Our study demonstrated that there were no obvious differences based on gender for timing of tracheostomy and mechanical ventilation period, and no correlation between age and timing of tracheostomy and mechanical ventilation period similar to the study conducted by Hsu et al. A longer intubation period was shown that causes failure to wean and late tracheostomy may predispose to poor weaning outcome. [5] A prolonged intubation period may impair the local barrier and bronchial hygiene, increasing the risk for bacterial colonization and results in a higher rate of post-tracheostomy pneumonia-an association that was found in the failure-to-wean group. In the present study, we found that the timing of tracheostomy does not correlate with mechanical ventilation period, but Hsu et al. in a multivariate analysis found that only late tracheostomy, pretracheostomy poor oxygenation, and post-tracheostomy pneumonia during the weaning period were independent predictors of unsuccessful weaning and longer mechanical ventilation period. This difference probably is caused by the type of ICU and medical patients' condition. In our study, all the patients had good pulmonary conditions but in Hsu's study some patients had chronic obstructive pulmonary disorder.

The 1989 ACCP consensus conference on artificial airways in patients receiving mechanical ventilation [15] suggested that tracheostomy is preferable if the anticipated need for mechanical ventilation is for more than 21 days. Recent ACCP guidelines [6] encourage early tracheostomy after patient stabilization if the patient needs prolonged mechanical ventilation.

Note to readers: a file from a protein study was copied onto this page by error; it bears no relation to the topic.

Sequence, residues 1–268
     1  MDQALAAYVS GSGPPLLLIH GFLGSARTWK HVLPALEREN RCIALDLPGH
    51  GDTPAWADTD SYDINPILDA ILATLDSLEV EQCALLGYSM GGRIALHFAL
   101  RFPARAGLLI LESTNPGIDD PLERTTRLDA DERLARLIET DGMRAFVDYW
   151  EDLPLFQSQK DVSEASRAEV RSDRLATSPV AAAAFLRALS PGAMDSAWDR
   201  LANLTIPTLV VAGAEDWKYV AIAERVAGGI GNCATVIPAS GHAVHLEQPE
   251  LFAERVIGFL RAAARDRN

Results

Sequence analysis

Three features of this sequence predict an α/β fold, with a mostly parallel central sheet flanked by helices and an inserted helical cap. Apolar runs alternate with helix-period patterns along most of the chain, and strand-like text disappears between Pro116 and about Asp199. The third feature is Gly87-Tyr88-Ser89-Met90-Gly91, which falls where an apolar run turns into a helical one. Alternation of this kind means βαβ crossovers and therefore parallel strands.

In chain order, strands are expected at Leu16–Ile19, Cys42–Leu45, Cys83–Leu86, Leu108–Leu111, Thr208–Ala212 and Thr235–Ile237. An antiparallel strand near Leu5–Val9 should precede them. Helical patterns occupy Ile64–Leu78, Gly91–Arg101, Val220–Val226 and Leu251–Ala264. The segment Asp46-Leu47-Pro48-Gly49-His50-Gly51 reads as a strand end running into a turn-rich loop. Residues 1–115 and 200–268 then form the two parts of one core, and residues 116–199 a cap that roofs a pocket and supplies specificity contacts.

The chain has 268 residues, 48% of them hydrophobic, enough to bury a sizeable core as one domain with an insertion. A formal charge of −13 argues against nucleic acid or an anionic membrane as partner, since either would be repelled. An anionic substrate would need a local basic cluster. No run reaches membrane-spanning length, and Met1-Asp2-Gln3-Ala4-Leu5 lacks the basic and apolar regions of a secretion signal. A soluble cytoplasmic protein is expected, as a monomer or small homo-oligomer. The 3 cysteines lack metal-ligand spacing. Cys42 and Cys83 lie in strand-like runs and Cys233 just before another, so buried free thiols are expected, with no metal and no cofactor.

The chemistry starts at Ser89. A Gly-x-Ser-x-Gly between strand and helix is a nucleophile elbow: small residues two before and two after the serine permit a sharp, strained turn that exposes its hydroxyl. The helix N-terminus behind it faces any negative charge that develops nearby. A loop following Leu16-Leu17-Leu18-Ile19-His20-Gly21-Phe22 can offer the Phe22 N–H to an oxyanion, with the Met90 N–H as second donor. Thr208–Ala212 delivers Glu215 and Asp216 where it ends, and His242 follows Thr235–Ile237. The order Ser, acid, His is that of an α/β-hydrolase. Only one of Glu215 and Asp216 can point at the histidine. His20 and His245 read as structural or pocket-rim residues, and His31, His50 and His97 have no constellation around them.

Conclusion Top


In our study we found that in patients with good pulmonary function, the timing of tracheostomy could not influence the duration of mechanical ventilation.

 
  References Top

1.Esteban A, Anzueto A, Alia I, Gordo F, Apezteguia C, Palizas F, et al. How is mechanical ventilation employed in the intensive care unit? An international utilization review. Am J Respir Crit Care Med 2000;161:1450-8.  Back to cited text no. 1
    
2.Ahmed N, Kuo YH. Early versus late tracheostomy in patients with severe traumatic head injury. Surg Infect (Larchmt) 2007;8:343-7.  Back to cited text no. 2
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3.Arabi YM, Alhashemi JA, Tamim HM, Esteban A, Haddad SH, Dawood A, et al. The impact of time to tracheostomy on mechanical ventilation duration, length of stay, and mortality in intensive care unit patients. J Crit Care 2009;24:435-40.  Back to cited text no. 3
[PUBMED]  [FULLTEXT]  
4.Kahveci SF, Goren S, Kutlay O, Ozcan B, Korfali G. Bedside percutaneous tracheostomy experience with 72 critically ill patients. Eur J Anaesthesiol 2000;17:688-91.  Back to cited text no. 4